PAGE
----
New RPG Rolls Critical Success on Funding

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New RPG Rolls Critical Success on Funding

By Rebecca Carlson and Michael Blackwell


Photo provided by Grim and Perilous Studios


Pensacola local Tanner Yea still can’t believe that the tabletop Role Playing Game (RPG)  he co-authored raised 860% of their funding goals on Kickstarter. Gamers have voted with their dollars, and they say it’s time for a new RPG.


Yea, an RPG fan and writer, had been with Grim and Perilous Studios for about a year and a half when Zweihänder: Grim & Perilous RPG made the front page of for successfully raising $61,743 in 30 days from 1,265 backers last month.  The original $7,100 goal was “100% funded in 6 hours” according to the Zweihänder Kickstarter page. The game has since been featured on as well.

Photo by Becca Carlson

“I didn’t think we would make it past $7000.00,” Yea said. “And then we busted through most of our stretch goals within a week.” Stretch goals are additional funding goals added by the company once the original goal has been met. “One of the big things about Kickstarter is that a lot of them [companies] get hung up on stretch goals. So we wanted to be very careful about that.”


German for “two-handed” and more commonly known as a great sword, Zweihänder (pronounced tsfai henda or zvai hander as the creator prefers) is an RPG by Grim & Perilous Studios. Somewhat like Dungeons & Dragons, Zweihänder is based more on the Warhammer RPG and has influences from The Witcher. “Unlike [other games] which are very high fantasy, …this game is meant to portray low fantasy stuff,” explained Yea. “It’s more aimed towards grittier fantasies.”


Photo provided by Grim and Perilous Studios

New settings and characters are used to get around those pesky IP (Intellectual Property) issues and the protective nature of company’s like Games Workshop. “You’re not going to see “Sigmar,” but we had to have a name for the “God of Humanity.” Yea said, “We’ve talked to IP people—we are not infringing. Either way, we have nothing but respect for Games Workshop and the stuff they put out. If not, we wouldn’t have made this game.”


“There are common archetypes. We have to have the Orcs. We have to have the Lizard Men. We have to have the Rat Men. It’s more of an homage,”  Said Yea. The adaptability of gods and creatures is part of the versatility of the game. Simplicity in design is another part and a 10-minute basic walkthrough is all most players will need. As far as the overall playability— if the new edition of D&D is a 5 out of 10 Yea feels, “This [game] is a 6 or 7.”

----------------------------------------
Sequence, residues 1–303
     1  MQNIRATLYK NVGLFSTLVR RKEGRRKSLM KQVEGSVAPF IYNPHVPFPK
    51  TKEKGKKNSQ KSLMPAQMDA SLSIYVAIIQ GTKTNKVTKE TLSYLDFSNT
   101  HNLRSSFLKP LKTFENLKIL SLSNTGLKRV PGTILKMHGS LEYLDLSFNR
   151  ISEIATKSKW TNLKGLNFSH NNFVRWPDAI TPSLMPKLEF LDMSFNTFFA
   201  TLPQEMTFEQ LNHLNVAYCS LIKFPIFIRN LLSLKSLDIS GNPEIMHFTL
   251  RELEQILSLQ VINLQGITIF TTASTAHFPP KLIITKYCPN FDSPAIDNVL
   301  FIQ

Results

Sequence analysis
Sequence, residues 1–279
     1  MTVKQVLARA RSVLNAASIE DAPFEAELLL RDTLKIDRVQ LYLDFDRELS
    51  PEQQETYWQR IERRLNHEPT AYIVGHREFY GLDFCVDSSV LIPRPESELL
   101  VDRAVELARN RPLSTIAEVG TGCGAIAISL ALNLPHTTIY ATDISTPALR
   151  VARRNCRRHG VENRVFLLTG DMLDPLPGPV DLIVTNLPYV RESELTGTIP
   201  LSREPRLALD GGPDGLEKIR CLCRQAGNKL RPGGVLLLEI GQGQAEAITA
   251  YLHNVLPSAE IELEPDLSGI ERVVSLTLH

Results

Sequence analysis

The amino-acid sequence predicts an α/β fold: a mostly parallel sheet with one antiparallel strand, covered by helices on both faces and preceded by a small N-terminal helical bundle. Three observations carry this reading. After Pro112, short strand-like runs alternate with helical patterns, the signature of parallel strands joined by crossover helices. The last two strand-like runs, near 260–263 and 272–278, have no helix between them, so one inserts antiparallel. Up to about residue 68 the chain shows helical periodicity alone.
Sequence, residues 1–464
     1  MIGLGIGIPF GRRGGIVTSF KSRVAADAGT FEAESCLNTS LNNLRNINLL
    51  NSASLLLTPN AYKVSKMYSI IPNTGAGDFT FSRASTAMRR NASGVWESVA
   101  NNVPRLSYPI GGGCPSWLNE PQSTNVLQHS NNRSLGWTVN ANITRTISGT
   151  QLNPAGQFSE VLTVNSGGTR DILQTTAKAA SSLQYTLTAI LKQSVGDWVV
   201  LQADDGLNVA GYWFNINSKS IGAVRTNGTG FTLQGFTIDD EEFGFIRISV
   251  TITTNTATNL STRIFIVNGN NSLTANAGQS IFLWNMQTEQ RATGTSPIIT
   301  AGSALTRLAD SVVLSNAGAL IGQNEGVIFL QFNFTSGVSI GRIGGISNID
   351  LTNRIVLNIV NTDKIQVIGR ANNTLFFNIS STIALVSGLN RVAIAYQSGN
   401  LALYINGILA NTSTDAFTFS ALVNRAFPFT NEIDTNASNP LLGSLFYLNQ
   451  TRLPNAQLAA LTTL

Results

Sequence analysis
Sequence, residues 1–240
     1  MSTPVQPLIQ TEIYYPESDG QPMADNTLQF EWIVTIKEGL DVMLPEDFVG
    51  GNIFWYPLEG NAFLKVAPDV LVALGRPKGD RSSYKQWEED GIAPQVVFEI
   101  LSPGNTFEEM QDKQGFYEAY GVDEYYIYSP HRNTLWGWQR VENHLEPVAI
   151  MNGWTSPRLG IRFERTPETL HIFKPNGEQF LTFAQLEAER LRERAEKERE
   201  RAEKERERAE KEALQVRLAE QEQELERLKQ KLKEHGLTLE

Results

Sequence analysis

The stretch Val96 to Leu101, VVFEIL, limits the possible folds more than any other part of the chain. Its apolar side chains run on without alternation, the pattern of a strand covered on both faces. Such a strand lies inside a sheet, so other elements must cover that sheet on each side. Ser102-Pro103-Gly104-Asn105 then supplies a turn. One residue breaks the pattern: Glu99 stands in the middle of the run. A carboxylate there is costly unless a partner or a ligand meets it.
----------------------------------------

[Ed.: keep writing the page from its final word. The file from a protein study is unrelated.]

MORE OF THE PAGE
Picture by Becca Carlson

Yea met Zweihänder creator Daniel Fox through an RPG forum a few years ago. By that time Fox had been working on the project for about 2 years. Yea offered to help edit and write “a little flavor text here and there,” he said. “I just started writing more and more” After Yea contributed so much to the project, Fox then offered him a co-author’s title.

Despite deadline pushbacks, revisions, coming up with the mythology, and adding things, Yea and the rest of the Grim & Perilous Studios team persevered. Aside from Fox and Yea, the team includes art director Dejan Mandic, cover and interior artist Jussi Alarauhio, layout designer Milena Lakicevic, former editor Walter Fulbright, current editor Tim Earley, character sheet designer David Nadj and play test lead Adam Rose.


Photo provided by Grim and Perilous Studios

There’s been an “evolution of mechanics” in the RPG world said Yea, increasing in complexity throughout the years. Zweihänder has the aesthetic of the ‘80’s and 90’s style RPG’s but is “surprisingly deadly” including lasting injuries, infections, and mutations from evil energies. “Mental peril” is also a factor of this game said Yea.

A fully playable art-less PDF (published and printed through has been released to backers. In addition, plans to release the game on Drive Thru RPG are in the works.

“What’s cool to see is that people who’ve got the book already are super responsive to it,” Yea expressed. “A lot of people seem to be really satisfied with it— which is great!” Late pledges are still being accepted on their CrowdOx page and late pledgers will also get access to the non-art PDF. Yea is hoping to tap into the faithful RPG buyers’ market with the low risk— try it before you buy it—strategy along with banner ads on some of the bigger RPG websites.


What’s next for Zweihänder? “What we’re going to do is invest into future products,” said Yea. “We’re going to make new adventures, more supplements, that kind of thing.” Expansions and new products are coming in the near future including Liber Abyssia, a supplement that will explore more about demons and dark magic. Also, a possible Pensacon appearance is in the works.

As for the RPG drought, Yea put it best— “It’s all ogre now.”

[Sidebar-Michael’s game review]

Zweihänder is a refreshingly human take on the classic fantasy RPG. It’s strength is that it goes through great lengths to make the players feel like they are real people, even the non human characters, living in a fantastic world, you have to deal with lasting injuries, local politics, sleazy businessmen and more as you make your way through the game in addition to the more outlandish challenges you may face. The game is very down to earth and the problems you solve, or cause if that is your thing, affect the world immediately around you as opposed to the grandiose world saving adventures that ultimately end in a return to the status quo that are so common in high fantasy games. The difference is a welcome one and I look forward to seeing what the creators do next.